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The Last Line Of Environmental Defense Is You - Report Environmental Problems

To limit exposure to and spread of the COVID-19 virus, the Department of Environmental Protection  is currently prioritizing field inspections and responding to environmental complaints related to issues critical to public health and safety.

To report environmental emergencies, please call DEP at 1-800-541-2050 or file an online Environmental Complaint Form with DEP.

With that in mind, Fair Shake Environmental Legal Services’ recently posted this article, which is reprinted in part, in response to EPA’s discretionary enforcement policy announced last week.

The Department of Environmental Protection also announced it will consider case-by-case waivers of environmental regulations and requirements that are significantly impacted by the COVID-19 emergency.

The article describes how you can do your part to report environmental problems and be-- The Last Line Of Environmental Defense--

Environmental laws have not been suspended, but you need to be the eyes of the usual governmental enforcers.

We want to remind everyone that our environmental laws aren’t just enforced by our federal or state governments, they can also be enforced by you.

That’s right, every one of our environmental laws has a provision in it allowing everyday people to defend their environment when their government does not.

Given all the outdoor time everyone has and the concerning implications of unchecked air and water pollution, if you are in good health, now is a great time to become a citizen scientist and help enforce environmental laws.

To help community leaders like you, we have put together this quick checklist of what you can do to identify and take action on environmental violations in this critical time.

After all, when we’re concerned about air pollution exacerbating the presence of the coronavirus in our air, we all have to contribute to safeguarding our environmental health.

How You Can Help Defend Your Environment

1. Gather Evidence

See or smell something? Use your phone to take pictures or video of the problem. Note the time, the place, any description, the conditions and anything else you think is notable about the issue.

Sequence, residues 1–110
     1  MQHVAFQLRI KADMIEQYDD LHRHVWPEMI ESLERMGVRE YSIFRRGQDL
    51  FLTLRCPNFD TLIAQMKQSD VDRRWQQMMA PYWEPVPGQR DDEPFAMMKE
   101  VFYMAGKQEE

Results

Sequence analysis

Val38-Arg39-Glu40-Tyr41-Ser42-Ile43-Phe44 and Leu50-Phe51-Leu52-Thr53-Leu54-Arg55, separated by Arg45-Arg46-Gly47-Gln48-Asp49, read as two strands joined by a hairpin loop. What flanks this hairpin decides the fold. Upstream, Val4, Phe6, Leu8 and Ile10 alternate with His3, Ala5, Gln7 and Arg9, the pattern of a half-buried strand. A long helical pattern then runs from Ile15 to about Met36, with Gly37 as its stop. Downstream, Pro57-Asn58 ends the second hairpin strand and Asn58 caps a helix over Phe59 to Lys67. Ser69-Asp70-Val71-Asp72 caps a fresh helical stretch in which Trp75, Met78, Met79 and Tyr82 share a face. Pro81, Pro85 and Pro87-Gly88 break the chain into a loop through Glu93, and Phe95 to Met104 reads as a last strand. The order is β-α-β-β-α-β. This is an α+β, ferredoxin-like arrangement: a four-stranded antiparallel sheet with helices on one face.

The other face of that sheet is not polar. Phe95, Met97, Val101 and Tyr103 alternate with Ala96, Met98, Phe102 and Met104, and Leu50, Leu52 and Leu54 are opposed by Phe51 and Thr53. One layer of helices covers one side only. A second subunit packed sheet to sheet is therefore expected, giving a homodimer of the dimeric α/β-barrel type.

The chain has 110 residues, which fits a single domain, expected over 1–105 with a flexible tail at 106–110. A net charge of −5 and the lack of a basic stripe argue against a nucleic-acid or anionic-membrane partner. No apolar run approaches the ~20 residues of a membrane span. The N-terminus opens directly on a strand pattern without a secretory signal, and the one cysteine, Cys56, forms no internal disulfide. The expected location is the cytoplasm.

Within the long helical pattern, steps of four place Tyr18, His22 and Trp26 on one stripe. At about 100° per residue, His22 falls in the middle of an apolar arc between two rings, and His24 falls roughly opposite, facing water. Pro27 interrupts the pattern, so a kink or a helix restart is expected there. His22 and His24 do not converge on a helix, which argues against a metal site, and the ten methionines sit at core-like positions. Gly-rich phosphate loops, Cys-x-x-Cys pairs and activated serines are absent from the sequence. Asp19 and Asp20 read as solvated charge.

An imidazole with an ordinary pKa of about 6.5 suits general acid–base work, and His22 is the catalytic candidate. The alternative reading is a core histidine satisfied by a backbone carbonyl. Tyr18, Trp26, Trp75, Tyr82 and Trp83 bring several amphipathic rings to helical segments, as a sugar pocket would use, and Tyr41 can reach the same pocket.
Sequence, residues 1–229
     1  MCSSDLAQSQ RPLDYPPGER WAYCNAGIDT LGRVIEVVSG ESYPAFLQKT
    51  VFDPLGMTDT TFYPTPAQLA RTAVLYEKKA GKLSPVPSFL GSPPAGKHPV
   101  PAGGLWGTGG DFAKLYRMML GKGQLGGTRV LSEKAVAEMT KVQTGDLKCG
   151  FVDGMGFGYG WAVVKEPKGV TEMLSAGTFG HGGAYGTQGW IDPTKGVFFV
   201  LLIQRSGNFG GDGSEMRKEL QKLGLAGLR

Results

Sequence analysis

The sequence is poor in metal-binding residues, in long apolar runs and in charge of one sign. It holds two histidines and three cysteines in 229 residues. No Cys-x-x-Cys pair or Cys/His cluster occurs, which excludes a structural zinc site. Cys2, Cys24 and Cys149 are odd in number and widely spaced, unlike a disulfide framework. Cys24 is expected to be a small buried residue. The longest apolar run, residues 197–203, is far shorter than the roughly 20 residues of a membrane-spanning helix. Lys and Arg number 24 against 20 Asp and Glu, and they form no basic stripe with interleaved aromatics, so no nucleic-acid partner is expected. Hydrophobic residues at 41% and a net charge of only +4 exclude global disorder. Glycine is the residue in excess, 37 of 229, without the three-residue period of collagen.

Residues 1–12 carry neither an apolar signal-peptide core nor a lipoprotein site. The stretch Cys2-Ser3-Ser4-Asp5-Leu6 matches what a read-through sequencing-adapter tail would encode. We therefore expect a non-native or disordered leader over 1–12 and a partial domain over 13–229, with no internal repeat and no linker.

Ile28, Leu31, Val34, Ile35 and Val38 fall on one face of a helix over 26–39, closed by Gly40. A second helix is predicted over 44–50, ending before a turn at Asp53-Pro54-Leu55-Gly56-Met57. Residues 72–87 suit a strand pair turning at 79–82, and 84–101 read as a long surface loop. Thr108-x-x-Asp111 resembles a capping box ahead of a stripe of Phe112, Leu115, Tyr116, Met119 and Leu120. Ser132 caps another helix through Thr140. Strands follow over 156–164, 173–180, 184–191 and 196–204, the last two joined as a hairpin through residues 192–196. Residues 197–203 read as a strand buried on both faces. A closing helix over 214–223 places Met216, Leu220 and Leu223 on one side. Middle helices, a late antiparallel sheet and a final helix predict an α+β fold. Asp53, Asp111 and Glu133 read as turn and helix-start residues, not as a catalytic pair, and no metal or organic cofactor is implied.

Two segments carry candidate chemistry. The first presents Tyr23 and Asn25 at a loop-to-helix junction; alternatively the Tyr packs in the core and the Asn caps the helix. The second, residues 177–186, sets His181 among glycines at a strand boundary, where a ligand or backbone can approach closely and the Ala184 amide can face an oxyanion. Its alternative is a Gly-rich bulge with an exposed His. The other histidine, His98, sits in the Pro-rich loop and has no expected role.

See or smell the issue repeatedly? Make a log.

We created this task list for environmental action last year for pipeline issues, but many of the tasks remain the same and it might be useful to look over while out in the field!

There are some useful apps you can download on your phone to record sights and smells that are concerning like SmellPGH and the FracTracker app.

For air quality concerns you can also check Purple Air Monitors Map and see if there are any air monitors in your area and whether or not they are picking up concerning levels of pollution.

It is important to note that gathering evidence with these apps does not mean that the information is reported to the proper authorities.

No matter what means of evidence gathering you use, you will need to present this evidence directly to the proper authority.

Stay safe, exercise social distancing and do not trespass!

[Call DEP at 1-800-541-2050 or file an online Environmental Complaint Form.]

2. Report Violations

You can still file complaints with the EPA and state agencies for violations of environmental laws. You can send them to the facility as well so that they know folks are paying attention. Below are some examples of who should report to--

-- Call DEP at 1-800-541-2050 with a spill or emergency [or file an online Environmental Complaint Form.]

-- PA Spill Reporting Requirements

-- Allegheny County Health Department

-- Philadelphia Air Quality Management

While your complaint may not lead to action on the agencies’ part, it will document your concerns with the proper authorities, which may be important later on.

3. Contact a local nonprofit or environmental group to help.

The best option for enforcement right now is to gather evidence and work with an environmental nonprofit, watershed association, or an environmental law firm like Fair Shake to take matters into your own hands.

[Fair Shake has a list of some groups to contact or contact them.]

There is a lot to digest here, and this may be too much for any one person to take on alone yet too risky to do in a large group.

It is most important that you are staying safe and practicing social distancing at all times.

Don’t be afraid to lean on us if you need help. If you think that a facility near you is taking advantage of the EPA’s moratorium on enforcement, give us a call and we can give you some more guidance on what we would need to file a case.

For more information, visit the Fair Shake Environmental Legal Services website.

(Reprinted in part from the Fair Shake Environmental Legal Services website.)


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[Posted: April 11, 2020]


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